I discuss this in some detail in an outline and power point at

God works behind the scenes. No doubt. However, he does not force people to become Christians. He did not force your friend to be a Muslim. He may have determined where he will be born and what he will look at, but God desires all men to be saved, including your Muslim friend. Your Muslim friend could choose to be a Christian if he liked. If not, then God’s judgment would not be fair. God does not force people to not believe in him. He works so that we would believe, but he does not force us to believe. That is not how God acts. We choose to sin. God does not choose for us to sin. He does not force us to sin. Period. James 1:13-15.

I understand how this can be confusing. God is sovereign. His will is always done. Right? Well, the answer is sort of…. If God’s will was always done, then why did Jesus pray to God, “Your will be done.”? The fact is that it is God’s will to give us free will. His will is to not impose his will on our will.

Then there is the apparent problem of God’s foreknowledge. To us as humans, it seems logically necessary that if God foreknows what happens, he also predetermines it. This is not the case. God foreknows what will happen (he knows how it will end, as you put it), but he does not predetermine it. Foreknowledge does not equal predestination. For us, as humans, this is hard to understand. That is because we are humans. God knows what you will do, but he lets you decide anyway. Why? Because he loves us. You ask, “If he knows how it will end, why create us at all?” Simple. Because he loves us and he wants us to love him. God took a huge chance in creating us, knowing that so many would reject his love. If God only created people who would love him, then that would not be free will. There is no way around it. God gave us free will. Even if it does not seem logical at first, it still is true.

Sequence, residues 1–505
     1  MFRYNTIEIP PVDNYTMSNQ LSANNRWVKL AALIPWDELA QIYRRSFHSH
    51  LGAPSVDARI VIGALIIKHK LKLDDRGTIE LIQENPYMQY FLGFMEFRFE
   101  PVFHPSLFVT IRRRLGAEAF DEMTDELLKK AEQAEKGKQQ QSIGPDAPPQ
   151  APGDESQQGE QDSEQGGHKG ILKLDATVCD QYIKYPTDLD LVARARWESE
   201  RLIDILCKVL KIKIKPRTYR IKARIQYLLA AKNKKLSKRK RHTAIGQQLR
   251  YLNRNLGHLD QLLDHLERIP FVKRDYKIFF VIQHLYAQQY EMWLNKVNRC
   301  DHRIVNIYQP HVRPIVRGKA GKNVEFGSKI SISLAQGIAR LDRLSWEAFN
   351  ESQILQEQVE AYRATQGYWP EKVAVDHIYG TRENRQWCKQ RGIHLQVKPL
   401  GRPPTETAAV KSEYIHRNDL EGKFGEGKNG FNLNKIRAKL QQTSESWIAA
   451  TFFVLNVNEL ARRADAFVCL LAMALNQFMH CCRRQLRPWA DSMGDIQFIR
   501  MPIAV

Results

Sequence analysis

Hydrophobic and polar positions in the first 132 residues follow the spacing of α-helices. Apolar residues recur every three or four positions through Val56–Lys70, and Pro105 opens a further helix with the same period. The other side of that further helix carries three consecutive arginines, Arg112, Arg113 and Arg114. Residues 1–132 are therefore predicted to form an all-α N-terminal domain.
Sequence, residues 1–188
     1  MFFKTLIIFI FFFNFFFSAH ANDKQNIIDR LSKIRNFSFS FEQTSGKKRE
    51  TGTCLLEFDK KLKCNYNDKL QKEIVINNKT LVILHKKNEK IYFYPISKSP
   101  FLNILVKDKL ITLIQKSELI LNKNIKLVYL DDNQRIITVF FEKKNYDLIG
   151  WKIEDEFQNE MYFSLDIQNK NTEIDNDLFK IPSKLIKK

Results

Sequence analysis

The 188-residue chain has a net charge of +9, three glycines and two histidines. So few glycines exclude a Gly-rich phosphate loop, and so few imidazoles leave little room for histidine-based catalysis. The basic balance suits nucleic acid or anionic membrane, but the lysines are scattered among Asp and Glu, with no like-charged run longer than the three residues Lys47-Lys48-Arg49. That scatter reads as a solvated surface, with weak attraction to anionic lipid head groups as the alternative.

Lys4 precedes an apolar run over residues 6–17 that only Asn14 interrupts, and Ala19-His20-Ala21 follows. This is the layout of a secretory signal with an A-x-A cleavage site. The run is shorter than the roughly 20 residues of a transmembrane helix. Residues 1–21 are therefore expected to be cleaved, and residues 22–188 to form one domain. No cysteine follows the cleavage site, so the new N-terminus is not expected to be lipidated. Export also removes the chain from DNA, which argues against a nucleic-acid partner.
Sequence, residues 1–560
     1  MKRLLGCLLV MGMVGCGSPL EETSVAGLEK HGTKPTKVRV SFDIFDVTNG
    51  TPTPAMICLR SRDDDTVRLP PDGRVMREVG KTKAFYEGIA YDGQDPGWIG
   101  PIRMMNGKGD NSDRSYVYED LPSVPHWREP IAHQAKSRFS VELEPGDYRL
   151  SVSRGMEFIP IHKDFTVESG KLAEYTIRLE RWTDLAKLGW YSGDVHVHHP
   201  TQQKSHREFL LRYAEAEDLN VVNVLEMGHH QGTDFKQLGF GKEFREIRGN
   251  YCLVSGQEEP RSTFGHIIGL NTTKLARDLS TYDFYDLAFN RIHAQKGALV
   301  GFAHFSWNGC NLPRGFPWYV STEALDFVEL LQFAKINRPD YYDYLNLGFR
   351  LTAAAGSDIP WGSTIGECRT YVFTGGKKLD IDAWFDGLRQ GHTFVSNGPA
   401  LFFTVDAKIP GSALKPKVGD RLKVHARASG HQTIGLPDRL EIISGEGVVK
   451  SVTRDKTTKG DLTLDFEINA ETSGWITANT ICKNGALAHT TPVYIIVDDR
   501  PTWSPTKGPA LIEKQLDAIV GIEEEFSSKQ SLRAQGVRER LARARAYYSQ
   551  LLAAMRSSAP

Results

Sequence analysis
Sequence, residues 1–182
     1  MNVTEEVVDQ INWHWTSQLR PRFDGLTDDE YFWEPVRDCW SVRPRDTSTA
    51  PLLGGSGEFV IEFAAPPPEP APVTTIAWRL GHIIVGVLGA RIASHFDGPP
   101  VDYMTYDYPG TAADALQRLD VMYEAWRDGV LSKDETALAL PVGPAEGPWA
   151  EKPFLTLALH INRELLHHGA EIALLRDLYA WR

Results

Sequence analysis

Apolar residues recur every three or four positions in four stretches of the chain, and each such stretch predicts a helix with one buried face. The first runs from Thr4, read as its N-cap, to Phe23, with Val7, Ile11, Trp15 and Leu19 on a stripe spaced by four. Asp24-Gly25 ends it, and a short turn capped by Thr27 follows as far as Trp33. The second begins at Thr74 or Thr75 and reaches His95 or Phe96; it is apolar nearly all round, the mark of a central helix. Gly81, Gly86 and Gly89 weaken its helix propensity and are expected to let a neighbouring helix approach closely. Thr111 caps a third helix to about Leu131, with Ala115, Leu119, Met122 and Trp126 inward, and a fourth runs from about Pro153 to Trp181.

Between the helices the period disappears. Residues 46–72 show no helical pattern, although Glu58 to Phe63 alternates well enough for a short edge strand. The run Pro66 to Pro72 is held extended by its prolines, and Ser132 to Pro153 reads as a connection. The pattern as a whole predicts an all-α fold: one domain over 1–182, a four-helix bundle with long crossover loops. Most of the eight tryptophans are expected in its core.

The novel analogy is NOT a good one. Novel characters are not real and they are not capable of loving their creator. Novel characters do not have free will, but people do. The analogy breaks down because of a false premise, which is that the novel character is like a human being.

I agree that your second scenario is absurd on the face of it. If your premise is correct, then not only would it be better to abort fetuses, it would also be better to murder children before they reach the age of accountability.

The logic error here is really pretty much the same as the logic error you are having with regard to predestination above. You are assuming that if a person is to go to hell, it would have been better if they were never created. This is not true. God created us because he loves us. Even if we reject him and choose to go to hell, his love stands. Why would a couple choose to have children, knowing that the children might rebel and disgrace the parents? Why? That is easy. Because the parents choose to love their children. Parental love is unconditional. We would put a person who murdered their child for messing up into prison for a very long time. Your point seems logical, but in the end, it is not about logic. It is about love. God’s love and his justice meet at the cross. Those who choose not to accept a relationship with God, tragically, will lose their right to heaven. This does NOT mean that it would have been better if God never created us with the ability to love him (implying, of course, free will!).

Good question!

John Oakes